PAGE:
There have been Jewish people in New Zealand from the beginnings of European settlement. In the north, Jewish traders from England, including John Montefiore, Joel Polack and David Nathan, were active from about 1830.
Jews were on the first ships to arrive in Wellington. A Jewish community was founded in 1843 with the arrival from London of Abraham Hort. He held the first organised prayer service on 7 January 1843, only days after he and his family arrived aboard the Prince of Wales.
Several hundred English, German and Polish Jews were among the gold seekers of the 1860s. They became a prominent part of business life in the West Coast town of Hokitika. Some later moved on to become leading members of business communities in larger cities like Christchurch.
After 1881 some Russian and Polish Jews, fleeing from persecution by the Tsarist government, came as far as New Zealand.
From the outset New Zealand adopted a welcoming attitude towards Jews. There may have been some prejudice initially, but in contrast to the United Kingdom, Jews faced no political or civil disadvantages or discrimination. They were able to take a full part in the civic life of the colony. As with most 19th-century migrants to New Zealand, most of the Jewish immigrants arrived either directly from the United Kingdom or Australia.
During the 19th century, synagogues were established in the main centres of European settlement, including Dunedin, Christchurch, Wellington and Auckland, as well as in Hokitika, Nelson and Timaru. A range of buildings were used, from existing stores and houses to purpose-built synagogues.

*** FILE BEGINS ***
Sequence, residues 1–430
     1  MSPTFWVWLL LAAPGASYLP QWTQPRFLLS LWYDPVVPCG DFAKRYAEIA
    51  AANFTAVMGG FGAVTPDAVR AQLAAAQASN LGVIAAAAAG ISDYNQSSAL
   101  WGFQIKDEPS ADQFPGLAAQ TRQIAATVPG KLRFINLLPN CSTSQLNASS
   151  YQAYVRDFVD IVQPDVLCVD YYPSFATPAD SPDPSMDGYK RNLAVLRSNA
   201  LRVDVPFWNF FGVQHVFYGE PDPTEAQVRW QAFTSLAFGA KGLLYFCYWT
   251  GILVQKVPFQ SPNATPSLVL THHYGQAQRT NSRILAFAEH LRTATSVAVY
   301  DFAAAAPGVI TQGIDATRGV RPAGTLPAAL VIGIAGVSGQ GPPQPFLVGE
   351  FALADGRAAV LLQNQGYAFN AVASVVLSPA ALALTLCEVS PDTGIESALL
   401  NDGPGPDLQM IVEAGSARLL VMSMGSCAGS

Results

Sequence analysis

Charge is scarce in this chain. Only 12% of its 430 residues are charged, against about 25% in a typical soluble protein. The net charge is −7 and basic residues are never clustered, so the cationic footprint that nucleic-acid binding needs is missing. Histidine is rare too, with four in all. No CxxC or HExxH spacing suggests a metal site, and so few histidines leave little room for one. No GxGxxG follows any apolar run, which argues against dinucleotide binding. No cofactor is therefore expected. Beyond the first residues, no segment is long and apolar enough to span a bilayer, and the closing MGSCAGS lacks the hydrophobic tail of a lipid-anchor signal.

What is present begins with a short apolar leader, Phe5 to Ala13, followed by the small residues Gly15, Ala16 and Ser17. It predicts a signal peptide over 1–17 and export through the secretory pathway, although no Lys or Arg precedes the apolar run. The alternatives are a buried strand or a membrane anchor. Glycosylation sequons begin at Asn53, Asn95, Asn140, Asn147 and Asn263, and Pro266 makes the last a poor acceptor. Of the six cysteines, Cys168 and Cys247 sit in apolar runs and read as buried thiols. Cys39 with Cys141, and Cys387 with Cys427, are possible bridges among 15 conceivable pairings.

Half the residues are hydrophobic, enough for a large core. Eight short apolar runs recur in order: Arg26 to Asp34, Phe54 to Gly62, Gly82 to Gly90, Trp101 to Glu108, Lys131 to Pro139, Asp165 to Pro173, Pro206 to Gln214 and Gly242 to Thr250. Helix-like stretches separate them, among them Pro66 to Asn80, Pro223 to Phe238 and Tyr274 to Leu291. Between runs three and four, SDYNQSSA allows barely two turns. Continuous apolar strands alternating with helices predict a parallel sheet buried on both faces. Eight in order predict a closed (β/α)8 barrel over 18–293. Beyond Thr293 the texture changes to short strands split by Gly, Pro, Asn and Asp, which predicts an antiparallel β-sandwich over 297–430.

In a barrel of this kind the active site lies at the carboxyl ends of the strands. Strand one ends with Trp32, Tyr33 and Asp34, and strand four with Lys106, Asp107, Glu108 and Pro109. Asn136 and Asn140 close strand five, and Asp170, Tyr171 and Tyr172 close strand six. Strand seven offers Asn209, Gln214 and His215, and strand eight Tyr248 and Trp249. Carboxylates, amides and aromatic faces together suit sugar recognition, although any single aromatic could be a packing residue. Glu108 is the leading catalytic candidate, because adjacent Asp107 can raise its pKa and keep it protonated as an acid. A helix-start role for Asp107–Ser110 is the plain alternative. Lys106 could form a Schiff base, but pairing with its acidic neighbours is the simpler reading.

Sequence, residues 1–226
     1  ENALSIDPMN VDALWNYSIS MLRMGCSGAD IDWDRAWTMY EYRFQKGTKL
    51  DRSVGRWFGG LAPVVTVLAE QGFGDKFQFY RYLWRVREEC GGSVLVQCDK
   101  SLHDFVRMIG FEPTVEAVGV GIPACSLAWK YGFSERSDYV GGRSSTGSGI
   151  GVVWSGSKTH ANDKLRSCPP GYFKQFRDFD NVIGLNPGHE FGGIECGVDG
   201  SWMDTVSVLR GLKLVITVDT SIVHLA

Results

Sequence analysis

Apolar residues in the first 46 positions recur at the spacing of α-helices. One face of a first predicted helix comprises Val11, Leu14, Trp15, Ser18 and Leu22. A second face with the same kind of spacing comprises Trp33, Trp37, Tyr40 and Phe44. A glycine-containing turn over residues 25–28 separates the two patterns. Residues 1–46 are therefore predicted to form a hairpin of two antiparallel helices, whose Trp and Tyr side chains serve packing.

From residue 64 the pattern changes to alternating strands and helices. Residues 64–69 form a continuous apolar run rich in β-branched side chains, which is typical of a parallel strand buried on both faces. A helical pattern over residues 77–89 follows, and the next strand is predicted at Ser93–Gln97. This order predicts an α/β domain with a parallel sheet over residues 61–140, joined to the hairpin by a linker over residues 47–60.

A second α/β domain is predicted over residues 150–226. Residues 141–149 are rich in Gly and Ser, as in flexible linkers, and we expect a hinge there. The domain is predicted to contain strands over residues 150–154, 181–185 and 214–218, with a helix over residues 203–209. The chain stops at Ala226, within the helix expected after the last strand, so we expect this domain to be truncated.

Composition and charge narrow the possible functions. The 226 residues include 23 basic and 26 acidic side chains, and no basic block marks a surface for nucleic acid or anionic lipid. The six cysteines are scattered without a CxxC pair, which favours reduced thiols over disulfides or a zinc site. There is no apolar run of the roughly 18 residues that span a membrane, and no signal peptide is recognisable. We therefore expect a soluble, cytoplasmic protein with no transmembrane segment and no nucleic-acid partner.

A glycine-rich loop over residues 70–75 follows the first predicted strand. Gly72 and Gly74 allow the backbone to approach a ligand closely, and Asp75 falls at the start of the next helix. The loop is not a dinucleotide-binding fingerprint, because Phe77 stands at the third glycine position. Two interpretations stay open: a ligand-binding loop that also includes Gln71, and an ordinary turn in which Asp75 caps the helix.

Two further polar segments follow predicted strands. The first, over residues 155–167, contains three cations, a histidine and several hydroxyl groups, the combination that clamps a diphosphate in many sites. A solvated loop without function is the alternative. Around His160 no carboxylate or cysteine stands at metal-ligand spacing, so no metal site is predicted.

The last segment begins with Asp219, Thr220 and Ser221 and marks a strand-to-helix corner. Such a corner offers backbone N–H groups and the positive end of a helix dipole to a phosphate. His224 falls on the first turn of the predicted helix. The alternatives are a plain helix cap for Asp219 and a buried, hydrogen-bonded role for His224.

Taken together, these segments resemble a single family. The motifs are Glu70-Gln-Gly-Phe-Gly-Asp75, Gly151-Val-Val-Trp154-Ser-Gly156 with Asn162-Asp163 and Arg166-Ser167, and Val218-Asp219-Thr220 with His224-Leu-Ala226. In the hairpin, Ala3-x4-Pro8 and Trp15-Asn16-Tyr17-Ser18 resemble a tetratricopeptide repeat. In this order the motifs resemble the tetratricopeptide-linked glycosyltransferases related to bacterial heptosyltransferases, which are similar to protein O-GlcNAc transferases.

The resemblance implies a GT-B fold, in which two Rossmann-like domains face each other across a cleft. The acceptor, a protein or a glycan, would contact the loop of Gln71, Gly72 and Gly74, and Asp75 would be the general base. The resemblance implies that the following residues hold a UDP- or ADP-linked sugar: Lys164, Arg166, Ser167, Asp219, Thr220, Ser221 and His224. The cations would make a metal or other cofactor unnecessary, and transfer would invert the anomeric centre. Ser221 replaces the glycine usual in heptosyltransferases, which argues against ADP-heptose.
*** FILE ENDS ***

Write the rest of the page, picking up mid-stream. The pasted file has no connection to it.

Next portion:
The Dunedin poet Charles Brasch (1909–1973) came from one of the city’s successful business families. He wrote of the connection with his Jewish ancestors:
‘By what long tortuous path did the Brasches and the Hallensteins come to settle in those obscure northern regions so far from their origin, centuries before, in Palestine? … No record of all that past remains, but I try at times to imagine it; and when travelling I feel some unaccountable sense of having seen a place before, I wonder if it had sunk deeply into the eyes and mind of some ancestor whom I shall never know of.’ 1
Jews were prominent in early commercial ventures, particularly in Auckland and Dunedin. In Auckland, this tradition began in 1840 when David Nathan opened several successful stores. Other Jewish families among the founders of Auckland’s business community were the Keesings and Ashers. In Dunedin, the Fels, de Beer, Hallenstein, Brasch and Theomin families were successful in enterprise, and socially prominent.
Several of those who entered local or national politics had first excelled in business. Hugo Friedlander became mayor of Ashburton after founding a substantial company supplying grain to the county.
Jews were elected to positions in local government as mayors and councillors, and as members of Parliament. In 1873 a Jewish MP, Julius Vogel, became premier, serving two terms from April 1873 to July 1875, and again from February 1876 to September 1876.
During the 20th century, Jewish migrants came to New Zealand from a wider range of countries. The rise of Nazism brought some Jewish people from Germany during the period before the Second World War: most of the 1,000 or so fugitives from Nazism who came up to 1939 were Jewish. But New Zealand admitted few Jewish refugees during the war and its aftermath.
The failed Hungarian uprising in 1956 brought a further group of Jewish refugees, while the 1980s and 1990s saw Jews coming to New Zealand from Russia and elsewhere in the former Soviet Union. Israelis escaping the political violence of the Middle East, along with South African Jews, have been among the most recent arrivals.